You inch along the narrow ledge, brick scraping against your palms. Your breath catches as you glance down – you hadn’t realized how far up 30 stories is until now, staring down at the ant-sized cars and people below. The busy city street seems miles away from your precarious perch on this window washing platform.
Focus, you tell yourself, glancing back up to see the tabby still pacing along the ledge above you, its cries faint but desperate against the blustering wind. The poor cat had climbed out a cracked window, lured by pigeons, before getting stuck with no way back inside. You couldn’t just leave it, though this impromptu rescue on your high rise apartment building’s exterior is more intense than you had bargained for.
Carefully you lift one foot, balancing on the other as you feel for the next groove in the brick façade. The old bricks offer uneven footing but enough crevices for your fingers and toes to cling to. Just like climbing the big oak tree back home, you tell yourself, trying to ignore your pounding heartbeat.
Only 20 more feet and you’ll be able to reach out and grab the cat from the window above. But you have to focus on finding secure holds first – no distractions. You glance down despite yourself then instantly regret it, vision swimming at the tiny specks of traffic now directly under your feet.
Just then the rooftop door behind you slams open, and you nearly lose your grip at the noise. There shouldn’t be anyone else up here. You glance back to see a tall, handsome man in a suit stride toward the ledge where you cling. Wait is he…? Yes, now he’s climbing out the window and onto the tiny ledge, heading straight for you!
“Hey!” He calls over the wind, face etched with concern. “Just hold on, ok? I’m coming to get you!”
Get you? Does he think you’re trying to jump? Realization hits you even as another blast of wind nearly knocks you sideways. From his angle it must look like –
“No, stop!” You yell back through chattering teeth. Not from cold but reaction setting in from the long minutes spent teetering over deadly space.
He continues toward you, one arm stretched out. “It’s ok, just talk to me. We’ll figure this out, I promise. Nothing is bad enough to end it all.” His eyes radiate warmth and compassion despite the panic in his voice.
“I’m not – ” you start, cut off by the screech of the cat above. His gaze follows yours up to the tabby, still restlessly pacing with no idea of the danger its in.
“Oh god,” his eyes widen in understanding. Then narrow in determination. Before you can react, he’s climbing past you, muscles flexing beneath his dress shirt as he rapidly scales the side of the building.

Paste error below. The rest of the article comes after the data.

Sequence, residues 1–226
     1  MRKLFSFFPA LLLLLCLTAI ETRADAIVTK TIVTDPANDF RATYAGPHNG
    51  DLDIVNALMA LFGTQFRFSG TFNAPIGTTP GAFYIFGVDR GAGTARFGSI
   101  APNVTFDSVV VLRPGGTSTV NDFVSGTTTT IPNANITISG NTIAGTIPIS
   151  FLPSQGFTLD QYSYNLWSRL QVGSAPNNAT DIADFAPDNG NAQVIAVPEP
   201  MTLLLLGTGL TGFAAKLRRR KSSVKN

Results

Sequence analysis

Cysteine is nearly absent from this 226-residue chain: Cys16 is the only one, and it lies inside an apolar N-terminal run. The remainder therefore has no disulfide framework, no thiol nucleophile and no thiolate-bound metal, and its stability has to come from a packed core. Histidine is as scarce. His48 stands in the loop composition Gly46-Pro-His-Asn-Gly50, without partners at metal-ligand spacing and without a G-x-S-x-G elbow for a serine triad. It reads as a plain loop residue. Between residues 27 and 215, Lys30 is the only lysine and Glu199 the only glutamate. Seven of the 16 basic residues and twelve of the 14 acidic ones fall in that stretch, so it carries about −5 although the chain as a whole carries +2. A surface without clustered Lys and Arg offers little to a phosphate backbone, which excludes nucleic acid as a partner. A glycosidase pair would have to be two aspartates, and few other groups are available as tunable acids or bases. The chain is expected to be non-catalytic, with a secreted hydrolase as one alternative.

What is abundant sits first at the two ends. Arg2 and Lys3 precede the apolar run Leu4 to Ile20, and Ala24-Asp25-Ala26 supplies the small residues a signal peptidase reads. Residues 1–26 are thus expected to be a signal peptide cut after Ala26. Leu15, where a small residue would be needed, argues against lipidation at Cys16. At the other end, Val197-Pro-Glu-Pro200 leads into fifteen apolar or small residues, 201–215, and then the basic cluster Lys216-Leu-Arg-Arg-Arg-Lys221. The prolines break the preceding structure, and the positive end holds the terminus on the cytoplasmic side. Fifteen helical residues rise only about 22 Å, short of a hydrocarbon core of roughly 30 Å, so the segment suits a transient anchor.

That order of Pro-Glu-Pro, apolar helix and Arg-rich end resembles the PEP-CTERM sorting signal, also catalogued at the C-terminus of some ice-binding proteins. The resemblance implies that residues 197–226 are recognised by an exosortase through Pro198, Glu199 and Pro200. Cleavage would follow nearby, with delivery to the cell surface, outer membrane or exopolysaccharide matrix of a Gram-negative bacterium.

“Wait, stop!” You yell again, terrified he’s going to send you both over the edge with his added weight.
He pauses, dangling from one hand just above you as he glances down. “It’s ok,” he says gently, holding your gaze. “I’ve got you.”
You shiver, unsure whether it’s from fear or the intensity of his stare. His face is just inches from yours now, features chiseled to perfection beneath slightly windswept hair. Focus, you remind yourself.
“The cat – ” you explain weakly. “I almost have her. Let me grab her first.”
He studies you a moment as if trying to decide whether to believe you. Finally he gives a terse nod before scaling swiftly up to the next ledge.
Carefully, cautiously you follow, scrambling back into movement. As you climb hand over hand up the building side, you keep your eyes glued to that ledge above. Almost there.
The man reaches it first, muscled torso allowing him to pull himself up in one smooth motion. Then he’s lying flat, one hand outstretched toward the still whimpering tabby.
“Here kitty,” you hear him call gently as you finally hoist yourself onto the ledge beside him. It’s wider up here – you let out a breath you didn’t realize you were holding now that there is solid stone under you instead of thin air.
You meet the eyes of the handsome stranger now stretched on his belly mere inches away from you reaching for the cat like a life line. Something electric passes between you – relief maybe, or delayed reaction from the intensity of the last few minutes.
“Good kitty,” he murmurs encouragingly as the tabby creeps closer, still crying but tempted toward help by his outstretched fingers. His eyes don’t leave yours. This close you can see flecks of amber ringed by dark lashes. His face is striking, angled planes and hollows making him seem almost unreal.
The cat lets out a pitiful mewl, inching forward until finally its head bumps the man’s hand. In a flash he has the tabby wrapped in his arms, cradling it to his chest as he maneuvers swiftly away from the ledge.
You sit up too, knees weak as the adrenaline rush begins to fade. But the stranger stays crouched protectively around the now-purring cat, studying you with searching eyes.